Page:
A recently released report from an expert panel convened by the National Patient Safety Foundation suggests there is still much work to be done to make hospitals safer for patients. It’s true. Despite advancements over the past 15 years, incidence rates for blood clots, decubiti, falls and other avoidable infections and complications are still too common.
This reality is a growing problem for those who aspire to deliver the highest quality patient care experience possible. It creates challenges in patient satisfaction and care outcomes. Increasingly, it also directly hits the bottom line.
As an example, Medicare lowered its 2016 payments for almost 800 hospitals across the country because of higher rates of patient safety incidents. In total, these fines added up to more than $364 million out of hospital budgets. That’s a big number, but for some, it’s not enough. That’s why it is critical for hospitals to explore ways to improve patient safety.
While many hospitals are struggling with patient safety concerns, some are making strides to get it right. Examples like Androscoggin Valley Hospital (AVH) in New Hampshire show the potential for reducing the danger that patients face when seeking care. The AVH team was able to reduce falls in their hospital by 65% while celebrating a five-year stretch with no serious injuries from falls. During that time, the hospital also saw HCAHPS score soar in several targeted areas.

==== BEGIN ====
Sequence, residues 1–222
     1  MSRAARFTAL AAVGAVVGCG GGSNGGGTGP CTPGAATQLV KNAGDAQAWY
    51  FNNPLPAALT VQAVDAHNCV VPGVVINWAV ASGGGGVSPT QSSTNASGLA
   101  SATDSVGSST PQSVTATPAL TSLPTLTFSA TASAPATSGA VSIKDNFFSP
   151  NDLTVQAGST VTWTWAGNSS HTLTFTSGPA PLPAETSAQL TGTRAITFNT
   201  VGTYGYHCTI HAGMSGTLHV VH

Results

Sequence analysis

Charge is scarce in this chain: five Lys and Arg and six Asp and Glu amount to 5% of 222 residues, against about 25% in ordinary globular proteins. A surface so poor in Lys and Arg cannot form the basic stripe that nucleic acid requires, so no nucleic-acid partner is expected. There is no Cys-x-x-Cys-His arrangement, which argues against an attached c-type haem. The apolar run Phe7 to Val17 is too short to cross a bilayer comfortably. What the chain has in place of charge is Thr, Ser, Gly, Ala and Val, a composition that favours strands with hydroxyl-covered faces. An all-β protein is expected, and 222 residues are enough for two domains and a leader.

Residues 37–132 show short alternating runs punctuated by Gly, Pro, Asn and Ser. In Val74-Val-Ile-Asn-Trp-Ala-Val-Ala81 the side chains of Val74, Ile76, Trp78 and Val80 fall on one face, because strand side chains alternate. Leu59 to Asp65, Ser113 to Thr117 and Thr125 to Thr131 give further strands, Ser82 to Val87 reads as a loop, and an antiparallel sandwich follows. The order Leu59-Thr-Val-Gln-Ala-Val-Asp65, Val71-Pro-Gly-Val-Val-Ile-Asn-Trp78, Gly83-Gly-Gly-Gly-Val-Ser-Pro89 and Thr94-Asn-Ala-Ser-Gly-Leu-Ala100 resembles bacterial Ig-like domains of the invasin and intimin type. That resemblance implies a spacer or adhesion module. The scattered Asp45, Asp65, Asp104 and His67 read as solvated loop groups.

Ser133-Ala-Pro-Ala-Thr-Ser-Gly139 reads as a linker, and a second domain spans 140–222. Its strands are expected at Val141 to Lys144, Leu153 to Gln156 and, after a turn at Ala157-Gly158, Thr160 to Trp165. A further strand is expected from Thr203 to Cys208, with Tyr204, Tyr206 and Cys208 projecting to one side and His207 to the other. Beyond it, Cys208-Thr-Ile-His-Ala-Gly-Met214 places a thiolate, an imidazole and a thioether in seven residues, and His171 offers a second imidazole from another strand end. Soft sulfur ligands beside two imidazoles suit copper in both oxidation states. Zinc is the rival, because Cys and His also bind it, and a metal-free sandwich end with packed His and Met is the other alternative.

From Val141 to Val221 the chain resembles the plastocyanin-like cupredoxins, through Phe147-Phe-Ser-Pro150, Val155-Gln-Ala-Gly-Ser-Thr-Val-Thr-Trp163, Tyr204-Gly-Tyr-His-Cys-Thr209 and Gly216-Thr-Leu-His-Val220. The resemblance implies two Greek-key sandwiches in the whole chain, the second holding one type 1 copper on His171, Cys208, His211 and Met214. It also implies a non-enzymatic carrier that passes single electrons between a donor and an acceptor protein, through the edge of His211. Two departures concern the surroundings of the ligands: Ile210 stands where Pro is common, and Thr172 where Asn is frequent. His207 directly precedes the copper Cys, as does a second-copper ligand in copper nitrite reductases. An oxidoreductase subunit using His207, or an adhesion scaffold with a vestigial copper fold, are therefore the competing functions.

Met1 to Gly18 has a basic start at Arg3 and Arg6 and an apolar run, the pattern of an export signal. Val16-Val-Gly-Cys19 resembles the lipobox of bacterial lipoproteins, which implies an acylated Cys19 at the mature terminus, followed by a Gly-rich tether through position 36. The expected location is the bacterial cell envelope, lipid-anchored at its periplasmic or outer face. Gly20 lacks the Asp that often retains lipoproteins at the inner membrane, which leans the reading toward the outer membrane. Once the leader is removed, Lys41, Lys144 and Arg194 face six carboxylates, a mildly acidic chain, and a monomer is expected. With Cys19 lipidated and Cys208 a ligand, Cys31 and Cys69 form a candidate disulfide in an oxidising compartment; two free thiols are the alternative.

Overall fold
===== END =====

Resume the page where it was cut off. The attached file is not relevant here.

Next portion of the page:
So, what’s Androscoggin Valley’s secret? Here are three key ingredients to get you started:
The top recommendation from the National Patient Safety Foundation report was to “establish, and keep alive, a culture of safety”. This means commitment from the top. The first order of business might be to make sure leaders in your organization fully understand there is a return on investment tied to improving safety. Make sure there are clear goals, consistent follow up and routine monitoring happening. Make sure that all staff understand, and are incented and motivated, to help you meet your objectives.
AVH leaders knew they had to improve their rounding efforts if they wanted to enhance their safety results. Leveraging in-room technology to trigger early alert notifications and to automate rounding schedules, reminders and escalation protocols for alarms, the clinical team was able to institute a best practice of purposeful rounding. In doing so they began intercepting potential issues before they turned into real problems.
AVH applied data analytics to support staffing and operational decisions based on alert notifications and alarm patterns and clinical performance. They also created coaching opportunities for staff by providing leaders and their teams with key performance metrics related to patient care and rounding. Their technology enabled them to confirm that care tasks were being executed in a timely manner and escalate as necessary so that no patient need went unmet.
At Amplion, we’ve worked with many hospital leaders to advise them on goals related to fall prevention, alarm fatigue, enhanced HCAHPS scores and more effective patient rounding. If you are wrestling with safety concerns, we’d love to help.
Contact us today by clicking here to schedule a discussion with one of our technical specialists.